Many investors pulled out in 2010 as political turmoil hit several countries, known as the Arab Spring, undoing the positive allocation flows enjoyed by the region. This trend is starting to reverse due to several factors, including the increasing openness of companies to foreign investors, with the exception of Saudi Arabia which is a closed market.
“We starting to see some of the longer-term investors coming back to the region,” said Gotke.
“Companies have done really well in the past five years to focus on reaching out to new investors. Longer-term investors tend to take longer to come in but once they tend to be a bit more sticky.”
He added that companies have implemented “strong” investment relations philosophy over the past few years, which has made “a real sea change.”
Gotke called the trend towards higher foreign ownership a “very healthy” one and said it was partly down to the decision by MSCI to upgrade the UAE and Qatar from frontier to emerging market status, which will be effective from June 2.
“A lot of companies are increasing foreign ownership to take advantage of the fact that emerging market funds are coming in.”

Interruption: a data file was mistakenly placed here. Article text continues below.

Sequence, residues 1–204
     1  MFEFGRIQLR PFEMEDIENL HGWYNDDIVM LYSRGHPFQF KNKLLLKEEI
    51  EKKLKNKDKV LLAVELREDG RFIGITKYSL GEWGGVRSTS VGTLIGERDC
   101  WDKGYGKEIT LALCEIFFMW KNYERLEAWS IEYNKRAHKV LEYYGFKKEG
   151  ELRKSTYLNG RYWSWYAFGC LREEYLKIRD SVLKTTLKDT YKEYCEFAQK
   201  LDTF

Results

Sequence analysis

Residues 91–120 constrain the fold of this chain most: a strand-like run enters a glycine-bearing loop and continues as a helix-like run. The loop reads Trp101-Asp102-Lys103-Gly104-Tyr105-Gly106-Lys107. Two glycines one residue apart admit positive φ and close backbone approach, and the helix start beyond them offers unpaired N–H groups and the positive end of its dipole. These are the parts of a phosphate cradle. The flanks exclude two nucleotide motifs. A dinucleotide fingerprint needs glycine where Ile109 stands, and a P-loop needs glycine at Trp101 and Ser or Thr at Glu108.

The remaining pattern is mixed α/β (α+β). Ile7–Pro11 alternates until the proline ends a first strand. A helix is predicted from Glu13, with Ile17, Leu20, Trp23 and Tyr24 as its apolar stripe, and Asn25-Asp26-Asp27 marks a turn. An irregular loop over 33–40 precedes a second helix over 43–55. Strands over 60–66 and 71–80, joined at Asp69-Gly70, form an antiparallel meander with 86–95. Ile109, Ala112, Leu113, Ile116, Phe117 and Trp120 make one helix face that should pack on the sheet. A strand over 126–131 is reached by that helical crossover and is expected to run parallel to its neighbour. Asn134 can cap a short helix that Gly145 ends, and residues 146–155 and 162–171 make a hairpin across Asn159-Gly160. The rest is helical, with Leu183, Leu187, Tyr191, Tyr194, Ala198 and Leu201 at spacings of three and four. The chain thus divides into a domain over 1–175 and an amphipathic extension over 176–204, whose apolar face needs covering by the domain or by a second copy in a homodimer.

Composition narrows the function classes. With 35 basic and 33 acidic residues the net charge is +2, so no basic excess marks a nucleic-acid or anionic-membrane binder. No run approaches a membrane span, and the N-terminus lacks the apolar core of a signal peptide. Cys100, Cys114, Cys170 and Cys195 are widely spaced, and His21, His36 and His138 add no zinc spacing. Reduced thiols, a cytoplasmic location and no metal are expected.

The upgrades have obvious benefits for the UAE and Qatar but are also expected to have a positive impact on the rest of the region. Fund managers are in the process of adjusting their portfolios to reflect the reclassifications.
“The UAE and Qatar have been recovering and
The UAE has seen a big rebound in confidence, with Q1 daily trading volumes up around 400% year on year. Average earnings year on year are up about 24%, which signals a “very strong recovery”.
Kuwait, which MSCI classifies as a frontier market, will profit from the reallocations, said Gotke: “As funds tracking UAE and Qatar start to pull out from frontier markets, Kuwait will be one of the major beneficiaries of where they reallocate those funds.”
He added that Bahrain and Oman are also experiencing more positive investor sentiment.
Egypt continues to suffer from political uncertainty amid outbursts of violence and a forthcoming presidential election. Gotke, however, says “don’t write Egypt off”. Despite negative headlines, “when you speak to companies and the exchange things are getting back into a pretty good groove.”
“With a population of over 80million people, regardless of what’s going on in the region or the wider world, there is a real economy on the ground and conditions are improving. A lot of the big companies and banks we work with are showing some good numbers.”
His firm has seen foreign investors coming back to Egypt, mostly through depositary receipts rather than the exchange. The local exchange closed for seven or eight weeks during the country’s revolution three years ago, which was “really bad” for the market and led investors to be reluctant to risk going through the exchange.
“The sentiment now is that if you want to invest in Egypt you probably want to do it through DRs because as well as getting in you can get out if you really want to. So it’s a sanitary tail for Egypt.”